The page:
Lower prices for oil, a slump in real estate prompted by tighter mortgage rules and slower business spending are some of the culprits for the slowdown cited by Statistics Canada. As a result, most experts expect the Bank of Canada to leave its key overnight lending rate unchanged Wednesday at 1.75 per cent.

“There is no denying that Canada is facing a perfect storm at present,” said TD senior economist Brian DePratto in a report analyzing the new data.

“A more intense-than-expected moderation of economic growth came just as North American commodity markets sent Canadian heavy oil prices lower, resulting in an additional near-term growth shock as producers curtailed output,” DePratto added. “All of this is taking place against a backdrop of still highly levered households facing rising borrowing costs for the first time in a generation.”

Read more:

Startling near-halt to economy stokes fear of recession

More people are going broke in Canada as interest rates rise

Immigration expected to dominate talks on Atlantic Canada economy

Of just as much concern, said CIBC’s Ian Pollick, is that consumer spending — which has helped save the economic day in the past — has also taken a hit.

“While growth was fully expected to slow, some of the details made even the most pessimistic forecaster take notice. ... Canada just posted its worst household consumption numbers since 2015,” Pollick said in a research note.

For a third straight quarter, business spending also fell, this time by 10.9 per cent. That’s hardly reassuring, either, said Benjamin Reitzes, an interest rate strategist at BMO.

“The (Bank of Canada) banking on investment and exports taking the growth reins, but that’s hardly been the case,” said Reitzes, who, like most analysts, expects the bank to leave the overnight lending rate unchanged Wednesday.

“Given the weaker growth backdrop, with the trade and housing uncertainties unlikely to be resolved, we look for the (bank) to be on hold through most of this year,” Reitzes wrote.


The Bank of Canada has raised the rate four times in the last year and a half, with the most recent rise coming in October.

In 2018, the Canadian economy grew by 1.8 per cent, a significant slowdown from the 3 per cent growth in 2017. According to a Bloomberg survey of economists, Canada’s economy is expected to grow by 1.8 per cent in 2019, with a 20 per cent chance of a recession.

Still, despite the steady drip of so-so economic data, we’re unlikely to experience a deep or prolonged recession, suggested TD’s DePratto. That’s due at least in part to the fact that the U.S. economy is still (relatively) humming along. DePratto believes Canada could have a “technical” recession, or two straight quarters where the economy shrinks.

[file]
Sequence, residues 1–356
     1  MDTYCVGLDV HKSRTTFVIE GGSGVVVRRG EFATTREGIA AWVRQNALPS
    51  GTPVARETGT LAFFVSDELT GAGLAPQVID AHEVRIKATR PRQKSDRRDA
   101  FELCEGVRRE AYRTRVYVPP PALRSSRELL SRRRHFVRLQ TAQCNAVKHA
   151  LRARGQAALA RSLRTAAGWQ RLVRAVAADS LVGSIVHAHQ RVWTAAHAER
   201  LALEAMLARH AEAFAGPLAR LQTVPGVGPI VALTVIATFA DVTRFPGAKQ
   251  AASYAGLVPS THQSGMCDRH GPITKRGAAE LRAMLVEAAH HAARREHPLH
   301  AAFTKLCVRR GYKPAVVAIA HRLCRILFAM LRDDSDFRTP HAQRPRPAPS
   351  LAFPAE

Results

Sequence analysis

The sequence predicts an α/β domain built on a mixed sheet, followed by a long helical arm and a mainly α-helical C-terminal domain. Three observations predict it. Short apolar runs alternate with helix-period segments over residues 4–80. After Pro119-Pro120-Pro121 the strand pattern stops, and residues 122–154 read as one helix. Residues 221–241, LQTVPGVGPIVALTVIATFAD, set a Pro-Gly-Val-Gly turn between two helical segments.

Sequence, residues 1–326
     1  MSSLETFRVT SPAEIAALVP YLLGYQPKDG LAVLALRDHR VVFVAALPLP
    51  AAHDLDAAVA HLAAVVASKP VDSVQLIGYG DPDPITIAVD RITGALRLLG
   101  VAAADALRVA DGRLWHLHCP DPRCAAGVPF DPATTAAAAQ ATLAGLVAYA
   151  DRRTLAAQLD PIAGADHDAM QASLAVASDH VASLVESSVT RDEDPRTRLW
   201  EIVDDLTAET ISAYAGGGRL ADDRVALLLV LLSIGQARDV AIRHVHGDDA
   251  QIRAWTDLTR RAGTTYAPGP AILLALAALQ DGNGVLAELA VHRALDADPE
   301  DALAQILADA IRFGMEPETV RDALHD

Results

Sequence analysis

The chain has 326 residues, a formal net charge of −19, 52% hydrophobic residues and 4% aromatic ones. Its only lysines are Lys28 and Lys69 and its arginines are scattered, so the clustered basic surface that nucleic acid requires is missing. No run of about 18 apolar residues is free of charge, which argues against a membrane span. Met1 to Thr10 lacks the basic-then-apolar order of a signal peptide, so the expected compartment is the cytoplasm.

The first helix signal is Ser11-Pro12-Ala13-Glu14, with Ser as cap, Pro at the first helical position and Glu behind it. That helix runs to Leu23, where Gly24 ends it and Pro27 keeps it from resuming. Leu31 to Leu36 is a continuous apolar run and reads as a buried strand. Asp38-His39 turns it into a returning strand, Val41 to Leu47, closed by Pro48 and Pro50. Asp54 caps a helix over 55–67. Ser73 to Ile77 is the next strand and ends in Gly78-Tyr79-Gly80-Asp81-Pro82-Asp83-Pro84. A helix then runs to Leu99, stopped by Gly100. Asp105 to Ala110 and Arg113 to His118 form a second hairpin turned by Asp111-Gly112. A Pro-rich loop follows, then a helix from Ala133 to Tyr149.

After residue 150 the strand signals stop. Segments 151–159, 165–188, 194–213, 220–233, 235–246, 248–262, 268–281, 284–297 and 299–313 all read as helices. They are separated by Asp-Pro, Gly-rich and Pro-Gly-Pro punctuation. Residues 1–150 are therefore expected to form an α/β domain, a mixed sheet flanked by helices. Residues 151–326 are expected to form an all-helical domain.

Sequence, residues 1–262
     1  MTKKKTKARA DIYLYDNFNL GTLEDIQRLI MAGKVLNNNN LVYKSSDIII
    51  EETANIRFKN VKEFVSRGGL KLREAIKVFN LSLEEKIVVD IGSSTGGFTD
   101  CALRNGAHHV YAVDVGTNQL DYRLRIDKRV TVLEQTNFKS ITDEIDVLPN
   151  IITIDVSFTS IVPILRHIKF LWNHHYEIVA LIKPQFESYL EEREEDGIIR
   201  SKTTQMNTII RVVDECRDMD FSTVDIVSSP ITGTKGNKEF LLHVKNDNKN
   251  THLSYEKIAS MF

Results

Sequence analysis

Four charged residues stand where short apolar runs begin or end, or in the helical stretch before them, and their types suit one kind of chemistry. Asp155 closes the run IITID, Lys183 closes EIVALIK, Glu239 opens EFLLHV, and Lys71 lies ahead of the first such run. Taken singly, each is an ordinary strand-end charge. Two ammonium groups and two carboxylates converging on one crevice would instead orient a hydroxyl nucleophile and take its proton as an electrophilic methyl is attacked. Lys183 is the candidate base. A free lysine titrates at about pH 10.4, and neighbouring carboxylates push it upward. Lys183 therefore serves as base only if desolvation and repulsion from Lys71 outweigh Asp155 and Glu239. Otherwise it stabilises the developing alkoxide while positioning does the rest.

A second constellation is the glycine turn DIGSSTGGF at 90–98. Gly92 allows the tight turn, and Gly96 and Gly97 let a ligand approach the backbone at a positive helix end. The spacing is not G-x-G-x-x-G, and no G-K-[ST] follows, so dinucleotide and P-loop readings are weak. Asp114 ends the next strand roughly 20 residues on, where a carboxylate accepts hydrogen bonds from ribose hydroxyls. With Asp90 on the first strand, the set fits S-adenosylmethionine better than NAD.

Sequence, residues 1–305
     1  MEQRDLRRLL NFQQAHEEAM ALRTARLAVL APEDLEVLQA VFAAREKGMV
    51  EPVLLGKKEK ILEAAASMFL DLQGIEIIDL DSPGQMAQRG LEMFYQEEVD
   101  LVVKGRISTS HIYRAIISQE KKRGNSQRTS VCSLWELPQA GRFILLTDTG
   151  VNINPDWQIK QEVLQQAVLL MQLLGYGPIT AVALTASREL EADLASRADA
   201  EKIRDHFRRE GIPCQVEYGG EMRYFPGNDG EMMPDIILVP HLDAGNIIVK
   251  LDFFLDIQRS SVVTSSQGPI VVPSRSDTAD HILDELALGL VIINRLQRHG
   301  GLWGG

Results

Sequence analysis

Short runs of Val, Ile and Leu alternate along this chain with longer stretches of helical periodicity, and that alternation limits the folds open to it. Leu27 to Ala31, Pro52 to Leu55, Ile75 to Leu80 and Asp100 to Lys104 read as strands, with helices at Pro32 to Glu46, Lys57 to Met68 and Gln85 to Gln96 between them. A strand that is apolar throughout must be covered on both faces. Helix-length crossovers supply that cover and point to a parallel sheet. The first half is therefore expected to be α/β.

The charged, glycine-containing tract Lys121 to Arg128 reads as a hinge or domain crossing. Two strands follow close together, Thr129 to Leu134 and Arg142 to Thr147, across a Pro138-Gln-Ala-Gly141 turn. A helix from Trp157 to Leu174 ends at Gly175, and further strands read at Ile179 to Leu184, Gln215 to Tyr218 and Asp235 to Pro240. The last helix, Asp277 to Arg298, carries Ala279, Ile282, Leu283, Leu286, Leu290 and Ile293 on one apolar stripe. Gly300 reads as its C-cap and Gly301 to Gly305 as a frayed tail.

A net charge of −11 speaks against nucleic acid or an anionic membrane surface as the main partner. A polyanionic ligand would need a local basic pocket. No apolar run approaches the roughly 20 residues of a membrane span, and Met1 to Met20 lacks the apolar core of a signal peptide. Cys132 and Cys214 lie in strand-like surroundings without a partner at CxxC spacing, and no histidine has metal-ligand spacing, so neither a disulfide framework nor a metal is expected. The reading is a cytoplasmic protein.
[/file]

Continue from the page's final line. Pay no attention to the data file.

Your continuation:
“There are marked differences between a slump, a technical recession, and a true recession,” DePratto wrote. A “true” recession, DePratto wrote, is deeper and more widespread throughout the economy than a technical one.

As an example of a “true” recession, DePratto noted the recession sparked by the 2008 financial crisis. Unemployment rose by 2.5 per cent, across the country in a variety of sectors. In 2015’s “technical” recession, unemployment rose by just half a percentage point, and was mostly driven by a slump in the oil and gas industry.

Josh Rubin is a Toronto-based business reporter. Follow him on Twitter: @starbeer
 
Hoid
#27
Quote: Originally Posted by petros View Post

It sucks it seems and the data backs that.

Is Canada’s economy on the verge of slipping into a recession?

It’s a question some analysts are asking after another release of less-than-impressive statistics last week.

The latest bit of evidence came Friday, when Statistics Canada announced the Canadian economy grew by a paltry 0.1 per cent in the fourth quarter. That was the slowest growth in two and a half years.

Lower prices for oil, a slump in real estate prompted by tighter mortgage rules and slower business spending are some of the culprits for the slowdown cited by Statistics Canada. As a result, most experts expect the Bank of Canada to leave its key overnight lending rate unchanged Wednesday at 1.75 per cent.

“There is no denying that Canada is facing a perfect storm at present,” said TD senior economist Brian DePratto in a report analyzing the new data.

“A more intense-than-expected moderation of economic growth came just as North American commodity markets sent Canadian heavy oil prices lower, resulting in an additional near-term growth shock as producers curtailed output,” DePratto added. “All of this is taking place against a backdrop of still highly levered households facing rising borrowing costs for the first time in a generation.”